One of the books I have been reviewing is “The Alzheimer’s Prevention Program” by Gary Small, MD, and Gigi Vorgan, author of “The Memory Bible.” While our genes may affect our chances for developing Alzheimers, it seems there are measures we can take that can also make a positive difference. One of these, less talked about than mental and physical exercise, is sleep.
Dr. Small states that sleep is far from a passive state for mind and body. The brain’s memory centers consolidate the day’s experiences for recall and even problem solving, perhaps to the point of greater efficiency than our awake, conscious efforts. “Getting a good night’s sleep is an important way to improve your memory ability and reduce chronic inflammation,” (p.143). It is this chronic inflammation that is believed to have a role in neural degeneration and the memory loss that accompanies a diagnosis of Alzheimer’s as well as other dis-ease states.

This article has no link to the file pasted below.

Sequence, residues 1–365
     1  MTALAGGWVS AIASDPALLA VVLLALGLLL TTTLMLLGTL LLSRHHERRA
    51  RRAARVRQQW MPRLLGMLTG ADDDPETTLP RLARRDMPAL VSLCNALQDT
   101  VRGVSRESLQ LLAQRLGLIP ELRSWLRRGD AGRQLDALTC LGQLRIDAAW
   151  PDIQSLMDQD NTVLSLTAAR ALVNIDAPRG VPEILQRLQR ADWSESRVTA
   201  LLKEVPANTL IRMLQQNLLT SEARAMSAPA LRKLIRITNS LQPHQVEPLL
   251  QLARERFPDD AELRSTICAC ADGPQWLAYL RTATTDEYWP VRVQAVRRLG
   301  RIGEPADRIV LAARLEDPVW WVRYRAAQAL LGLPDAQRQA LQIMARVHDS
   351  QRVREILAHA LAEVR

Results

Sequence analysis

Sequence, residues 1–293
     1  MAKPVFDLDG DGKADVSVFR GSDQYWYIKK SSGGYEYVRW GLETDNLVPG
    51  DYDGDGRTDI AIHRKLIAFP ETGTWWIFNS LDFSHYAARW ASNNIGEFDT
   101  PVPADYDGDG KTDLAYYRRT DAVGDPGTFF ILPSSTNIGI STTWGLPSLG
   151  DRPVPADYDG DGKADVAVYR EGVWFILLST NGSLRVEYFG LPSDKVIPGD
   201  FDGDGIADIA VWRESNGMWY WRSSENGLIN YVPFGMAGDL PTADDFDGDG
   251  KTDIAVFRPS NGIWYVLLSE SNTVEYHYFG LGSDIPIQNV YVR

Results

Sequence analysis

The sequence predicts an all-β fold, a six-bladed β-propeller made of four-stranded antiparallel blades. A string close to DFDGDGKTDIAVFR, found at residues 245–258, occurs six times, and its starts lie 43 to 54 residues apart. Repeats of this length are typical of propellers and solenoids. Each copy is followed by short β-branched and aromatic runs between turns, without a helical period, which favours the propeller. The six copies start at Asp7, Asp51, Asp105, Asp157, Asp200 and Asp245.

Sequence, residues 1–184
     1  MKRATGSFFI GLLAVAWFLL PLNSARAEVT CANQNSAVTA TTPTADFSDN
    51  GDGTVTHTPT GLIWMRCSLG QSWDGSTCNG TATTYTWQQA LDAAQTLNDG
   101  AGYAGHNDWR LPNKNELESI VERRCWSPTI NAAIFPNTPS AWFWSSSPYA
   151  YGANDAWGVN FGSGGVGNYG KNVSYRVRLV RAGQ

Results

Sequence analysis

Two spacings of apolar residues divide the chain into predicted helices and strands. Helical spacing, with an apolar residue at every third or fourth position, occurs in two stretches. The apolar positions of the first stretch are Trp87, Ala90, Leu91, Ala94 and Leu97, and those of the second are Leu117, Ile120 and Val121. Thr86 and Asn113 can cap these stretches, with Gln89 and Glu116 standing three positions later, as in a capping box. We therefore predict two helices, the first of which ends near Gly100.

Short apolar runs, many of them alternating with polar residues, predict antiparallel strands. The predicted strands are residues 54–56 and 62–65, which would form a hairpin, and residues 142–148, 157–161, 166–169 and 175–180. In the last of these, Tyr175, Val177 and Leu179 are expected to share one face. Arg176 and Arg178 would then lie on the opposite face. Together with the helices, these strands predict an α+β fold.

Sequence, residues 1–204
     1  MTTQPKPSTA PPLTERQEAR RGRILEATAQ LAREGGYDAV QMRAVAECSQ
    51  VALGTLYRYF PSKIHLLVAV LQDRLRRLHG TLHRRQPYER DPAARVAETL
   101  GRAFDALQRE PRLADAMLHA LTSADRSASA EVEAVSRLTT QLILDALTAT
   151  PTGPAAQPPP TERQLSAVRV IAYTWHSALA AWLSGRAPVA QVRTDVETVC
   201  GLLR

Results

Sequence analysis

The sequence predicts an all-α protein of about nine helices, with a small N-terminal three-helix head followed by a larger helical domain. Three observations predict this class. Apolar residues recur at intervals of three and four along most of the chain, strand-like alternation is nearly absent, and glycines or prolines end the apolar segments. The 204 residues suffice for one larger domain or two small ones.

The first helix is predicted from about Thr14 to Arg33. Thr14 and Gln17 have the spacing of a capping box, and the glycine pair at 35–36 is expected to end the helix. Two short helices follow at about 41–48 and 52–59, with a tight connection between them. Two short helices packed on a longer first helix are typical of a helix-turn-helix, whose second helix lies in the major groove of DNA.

An important part of our lab test results can be the blood markers for inflammation. We may need to make plan with our doctors for improving this condition. In addition to dietary, medical, and lifestyle interventions, learning to sleep better is a part of shoring up our defenses and maximizing physical, mental, and emotional energy into our later years.